Looking at Historic Businesses Through an NOL Lens

As companies emerge from the financial crisis and begin to consider applying NOLs against taxable income, two older court rulings seem more relevant than ever.

When a corporation with net losses undergoes an ownership change, within the meaning of the tax code’s Section 382(g), limits are imposed on the amount of taxable income1 that may be offset by the company’s prechange losses. This limit is known as the “Section 382 limitation” and it is calculated by multiplying the fair-market value of the loss corporation’s stock, immediately before the ownership change, by the long-term tax-exempt rate.

However, under Section 382(c), if the new loss corporation (the loss corporation in its postownership change state) does not continue the business enterprise of the old loss corporation (the loss corporation in its prechange state) at all times during the two-year period beginning on the change date, the Section 382 limitation for any postchange year is zero. Accordingly, no amount of postchange income — except to the extent of recognized built-in gains — can be offset by the prechange losses in cases where, in connection with an ownership change, the so-called continuity of business enterprise (COBE) requirement is not met.

One issue that has arisen, and has been resolved favorably, is whether the business enterprise that the new loss corporation must continue is the business enterprise that produced the losses that will be used to offset otherwise taxable income. That’s what is at issue in Exel Corp. v. United States, 451 F.2d 80 (8th Cir. 1971).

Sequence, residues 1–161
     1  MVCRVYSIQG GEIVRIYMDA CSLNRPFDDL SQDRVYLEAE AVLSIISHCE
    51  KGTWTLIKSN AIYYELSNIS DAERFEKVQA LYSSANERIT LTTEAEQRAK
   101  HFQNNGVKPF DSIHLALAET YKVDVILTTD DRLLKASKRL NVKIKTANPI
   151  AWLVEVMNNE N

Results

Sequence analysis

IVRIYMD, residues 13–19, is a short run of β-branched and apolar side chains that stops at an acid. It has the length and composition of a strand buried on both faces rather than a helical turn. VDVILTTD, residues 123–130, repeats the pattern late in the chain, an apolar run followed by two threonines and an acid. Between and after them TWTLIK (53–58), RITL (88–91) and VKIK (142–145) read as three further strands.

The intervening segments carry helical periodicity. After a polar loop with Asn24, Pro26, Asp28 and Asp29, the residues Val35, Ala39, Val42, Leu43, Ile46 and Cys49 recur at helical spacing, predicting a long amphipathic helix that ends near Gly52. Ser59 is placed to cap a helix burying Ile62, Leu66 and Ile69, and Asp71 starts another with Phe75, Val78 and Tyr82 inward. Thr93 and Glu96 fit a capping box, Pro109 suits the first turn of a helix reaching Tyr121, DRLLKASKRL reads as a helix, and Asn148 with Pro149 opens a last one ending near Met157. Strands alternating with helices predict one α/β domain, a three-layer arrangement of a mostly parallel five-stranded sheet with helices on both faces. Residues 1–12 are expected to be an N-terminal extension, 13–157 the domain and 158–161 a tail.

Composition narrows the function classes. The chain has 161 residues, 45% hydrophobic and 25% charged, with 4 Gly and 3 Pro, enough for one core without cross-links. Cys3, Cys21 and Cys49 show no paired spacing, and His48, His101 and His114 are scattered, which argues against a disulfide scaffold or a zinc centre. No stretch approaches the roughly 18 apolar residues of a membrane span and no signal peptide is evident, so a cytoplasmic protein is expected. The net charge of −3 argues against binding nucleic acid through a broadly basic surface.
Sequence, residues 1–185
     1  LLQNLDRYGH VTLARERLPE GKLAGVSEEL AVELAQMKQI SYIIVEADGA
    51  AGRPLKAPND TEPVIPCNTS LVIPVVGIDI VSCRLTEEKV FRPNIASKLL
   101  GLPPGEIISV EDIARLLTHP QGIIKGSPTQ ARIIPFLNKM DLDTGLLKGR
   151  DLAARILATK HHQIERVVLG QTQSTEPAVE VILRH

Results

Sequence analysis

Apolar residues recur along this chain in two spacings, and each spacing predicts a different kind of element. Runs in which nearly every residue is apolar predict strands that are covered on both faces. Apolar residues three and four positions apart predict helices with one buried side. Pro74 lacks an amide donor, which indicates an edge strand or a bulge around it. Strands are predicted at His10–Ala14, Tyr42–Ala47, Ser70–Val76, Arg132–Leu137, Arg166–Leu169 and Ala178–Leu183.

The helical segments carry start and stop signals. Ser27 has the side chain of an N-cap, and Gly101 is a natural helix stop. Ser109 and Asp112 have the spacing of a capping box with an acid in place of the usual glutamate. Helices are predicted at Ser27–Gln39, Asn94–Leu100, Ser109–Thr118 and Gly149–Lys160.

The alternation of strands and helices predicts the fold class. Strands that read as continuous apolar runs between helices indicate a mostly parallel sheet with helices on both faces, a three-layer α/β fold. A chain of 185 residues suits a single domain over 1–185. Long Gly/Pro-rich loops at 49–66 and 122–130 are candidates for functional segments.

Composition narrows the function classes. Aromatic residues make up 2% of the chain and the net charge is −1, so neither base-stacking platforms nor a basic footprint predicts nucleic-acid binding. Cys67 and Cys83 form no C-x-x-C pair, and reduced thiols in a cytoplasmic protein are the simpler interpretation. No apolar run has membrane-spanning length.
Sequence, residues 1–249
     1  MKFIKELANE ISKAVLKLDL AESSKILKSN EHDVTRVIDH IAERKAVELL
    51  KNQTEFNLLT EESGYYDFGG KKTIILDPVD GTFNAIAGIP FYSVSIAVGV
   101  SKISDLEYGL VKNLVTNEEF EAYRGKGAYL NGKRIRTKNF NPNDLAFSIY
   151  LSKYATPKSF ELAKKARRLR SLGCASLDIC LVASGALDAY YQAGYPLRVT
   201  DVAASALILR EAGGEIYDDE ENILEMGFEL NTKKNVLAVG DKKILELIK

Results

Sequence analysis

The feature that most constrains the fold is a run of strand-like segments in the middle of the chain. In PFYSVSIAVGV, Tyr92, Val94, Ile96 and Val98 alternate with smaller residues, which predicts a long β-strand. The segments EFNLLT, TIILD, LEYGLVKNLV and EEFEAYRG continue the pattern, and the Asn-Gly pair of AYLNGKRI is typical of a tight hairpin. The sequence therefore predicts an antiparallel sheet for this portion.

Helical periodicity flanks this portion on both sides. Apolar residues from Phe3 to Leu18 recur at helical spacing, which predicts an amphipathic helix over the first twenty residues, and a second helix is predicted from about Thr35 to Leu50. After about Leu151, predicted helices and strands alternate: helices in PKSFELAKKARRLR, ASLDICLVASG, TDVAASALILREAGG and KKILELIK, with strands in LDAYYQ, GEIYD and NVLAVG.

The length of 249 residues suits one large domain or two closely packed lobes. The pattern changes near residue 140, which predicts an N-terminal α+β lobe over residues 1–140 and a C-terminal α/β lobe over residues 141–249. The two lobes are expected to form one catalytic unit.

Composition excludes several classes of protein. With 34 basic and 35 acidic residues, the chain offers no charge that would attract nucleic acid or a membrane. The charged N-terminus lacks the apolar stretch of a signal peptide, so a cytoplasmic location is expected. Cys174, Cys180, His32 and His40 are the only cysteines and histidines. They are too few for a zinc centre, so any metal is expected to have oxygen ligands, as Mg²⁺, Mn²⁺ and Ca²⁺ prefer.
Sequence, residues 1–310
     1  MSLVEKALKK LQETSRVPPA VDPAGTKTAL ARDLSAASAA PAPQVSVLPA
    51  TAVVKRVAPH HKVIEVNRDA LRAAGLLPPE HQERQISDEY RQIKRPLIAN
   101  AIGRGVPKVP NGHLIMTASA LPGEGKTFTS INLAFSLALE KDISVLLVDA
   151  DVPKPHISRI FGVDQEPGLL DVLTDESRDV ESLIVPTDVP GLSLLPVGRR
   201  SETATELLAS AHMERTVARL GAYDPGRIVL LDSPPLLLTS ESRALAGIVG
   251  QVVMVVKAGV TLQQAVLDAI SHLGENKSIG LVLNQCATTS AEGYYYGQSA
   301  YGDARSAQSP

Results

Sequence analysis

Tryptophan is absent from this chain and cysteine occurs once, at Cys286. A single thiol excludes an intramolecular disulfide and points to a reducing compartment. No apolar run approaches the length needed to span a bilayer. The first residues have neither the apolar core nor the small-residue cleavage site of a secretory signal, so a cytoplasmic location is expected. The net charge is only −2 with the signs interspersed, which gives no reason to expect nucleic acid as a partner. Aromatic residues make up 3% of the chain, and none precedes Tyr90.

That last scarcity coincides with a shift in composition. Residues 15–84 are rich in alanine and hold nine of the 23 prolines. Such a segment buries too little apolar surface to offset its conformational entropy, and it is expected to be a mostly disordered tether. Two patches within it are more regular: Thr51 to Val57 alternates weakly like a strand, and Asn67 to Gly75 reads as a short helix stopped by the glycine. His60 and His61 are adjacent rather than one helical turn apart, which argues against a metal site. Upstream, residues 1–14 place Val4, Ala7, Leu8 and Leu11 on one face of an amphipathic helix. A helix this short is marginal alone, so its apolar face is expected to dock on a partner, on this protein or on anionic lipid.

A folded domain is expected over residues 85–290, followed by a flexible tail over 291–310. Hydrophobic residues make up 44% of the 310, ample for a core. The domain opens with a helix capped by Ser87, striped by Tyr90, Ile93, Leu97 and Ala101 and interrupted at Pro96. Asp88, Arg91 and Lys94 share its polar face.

In that case, the taxpayer, Eclipse Lumber Co., had operated a chain of retail lumber yards from 1902 through April 1959. On May 1, 1959, Eclipse sold all of its assets to another company — H.B. Pearl — for $2,275,000 in cash. The sale produced a net operating loss (NOL) of $1,089,358, a portion of which was carried back to taxable years preceding the year in which the NOL arose.

The proceeds of the sale were invested by Eclipse in “short-term government securities.” As a result, the only income against which the NOL was claimed arose out of income generated by the investment of the proceeds of the sale of Eclipse’s operating assets.

In October 1960, by virtue of the redemption of more than 50% of its outstanding stock, Eclipse experienced an ownership change. It was the position of the Internal Revenue Service that “old” Section 382 (the version in place from 1954 through 1986) barred the use of Eclipse’s NOL carryover. The IRS contended that the statute — in which COBE was and remains an indispensable element — should be interpreted to mean that the business enterprise that must be continued is the one that produced the loss.

WillensFinal“Can an investment business function as the loss corporation’s historic business? The answer would appear to be yes.” — Robert Willens

The court disagreed. It noted there is no language in the statute that (1) expressly states or (2) fairly implies that the business that produced the loss must be continued. Under the 1939 Internal Revenue Code, as interpreted by the Supreme Court in Libson Shops v. Koehler, 353 US 382 (1957), the loss carryover was allowable only if the income against which the offset was claimed was produced by “substantially the same business” that produced the loss. However, by enacting the 1954 Code, Congress destroyed the precedential value of Libson Shops. The court stated that Libson Shops “is no longer the law.”

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